Manners don’t always maketh the Frequent Flyer

If you have ever spent time people watching, it’s probably fair to say you may have noticed some trends in the way folk act. Depending on the location and event, you might see the best of human behaviour, or you might see the worst. Many of our members spend considerable time in airline lounges, and have recently had something to say about what has been observed.

I was in the VA lounge last week and had ordered a barista drink. There you order and wait to one side while it’s made with all the other orders. I saw people’s orders called and they would come up and take their “skim latte soy mochachinos” without even a glance at the person serving them and barely a grunt of acknowledgement if anything. I saw five people in a row do this and then one woman said “thank you” as she picked up someone else’s drink for them. When it was my turn I looked the barista straight in the eye and said “thank you very much”.

While flying may not be as glamorous as it was in the past, some people seem to have possibly forgotten their upbringing. As children, the lack of a please or thank you was often picked up by the parents and quickly corrected. In today’s world, it seems many customers no longer think manners are relevant. And it is not limited to just the Virgin Lounge.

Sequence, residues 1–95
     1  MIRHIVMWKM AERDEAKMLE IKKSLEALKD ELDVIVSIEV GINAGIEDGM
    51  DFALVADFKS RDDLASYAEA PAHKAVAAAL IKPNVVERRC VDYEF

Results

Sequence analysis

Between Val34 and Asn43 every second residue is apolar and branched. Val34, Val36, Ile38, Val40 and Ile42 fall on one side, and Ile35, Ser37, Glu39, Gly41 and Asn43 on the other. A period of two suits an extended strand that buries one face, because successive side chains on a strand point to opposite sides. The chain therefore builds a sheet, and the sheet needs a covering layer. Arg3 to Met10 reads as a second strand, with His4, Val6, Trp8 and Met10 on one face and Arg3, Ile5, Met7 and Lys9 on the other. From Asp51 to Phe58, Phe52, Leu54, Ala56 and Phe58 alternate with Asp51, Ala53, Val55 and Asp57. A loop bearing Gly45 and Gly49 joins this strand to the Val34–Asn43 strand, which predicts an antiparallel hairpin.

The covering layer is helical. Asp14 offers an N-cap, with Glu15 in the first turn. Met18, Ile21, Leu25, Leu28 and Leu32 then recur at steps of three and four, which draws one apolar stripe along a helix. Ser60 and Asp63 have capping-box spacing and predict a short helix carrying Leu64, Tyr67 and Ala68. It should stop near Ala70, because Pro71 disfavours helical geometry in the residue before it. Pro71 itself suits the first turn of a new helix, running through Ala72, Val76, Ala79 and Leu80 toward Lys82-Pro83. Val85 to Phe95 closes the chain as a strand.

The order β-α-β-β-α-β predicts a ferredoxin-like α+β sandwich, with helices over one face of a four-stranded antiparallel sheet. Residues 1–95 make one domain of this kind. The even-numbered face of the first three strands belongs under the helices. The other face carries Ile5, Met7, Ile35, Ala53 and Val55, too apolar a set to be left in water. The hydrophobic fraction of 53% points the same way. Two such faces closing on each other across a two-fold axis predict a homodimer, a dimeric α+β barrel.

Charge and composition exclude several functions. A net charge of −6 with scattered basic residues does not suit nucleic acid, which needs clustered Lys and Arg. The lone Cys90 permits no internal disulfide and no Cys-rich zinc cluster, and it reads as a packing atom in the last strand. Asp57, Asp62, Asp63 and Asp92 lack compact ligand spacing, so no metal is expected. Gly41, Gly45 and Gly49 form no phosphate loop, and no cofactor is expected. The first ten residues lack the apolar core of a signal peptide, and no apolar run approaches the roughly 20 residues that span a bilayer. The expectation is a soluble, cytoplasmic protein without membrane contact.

I experienced something similar in the MEL F lounge a few weekends ago, myself and +1 were waiting at the entrance to the F lounge dining area, we were greeted and were told it would be about 3-4 mins for the staff to clear and clean the table next to the window. We thanked the staff member and stood patiently, meanwhile your typical DYKWIA waltzed past us, went straight for the empty table that the staff were cleaning for us and started to sit down. Then Karma came into play, with the staff member saying sorry Sir you will have to wait for a table like everyone else, this one is already allocated to the people (us) waiting over there. The staff member then thanked us for being so patient and commented that people like him are in the lounge everyday unfortunately for them and for other courteous pax who have to deal with them.

For those that do think manners are relevant, it’s possible a better experience may be had as a result of that simple please or thank you. It might be unexpected exit row seating or the best table in the lounge. Taking that little bit of effort to show interest and appreciation in someone can make for a fruitful experience. Some of our members even report taking things a little further, with boxes of chocolates often well received by lounge staff or cabin crew.

Have you spent time in the airport lounge recently and noted how people behaved? Do you go the extra mile and leave a thank you gift. Have your say HERE.

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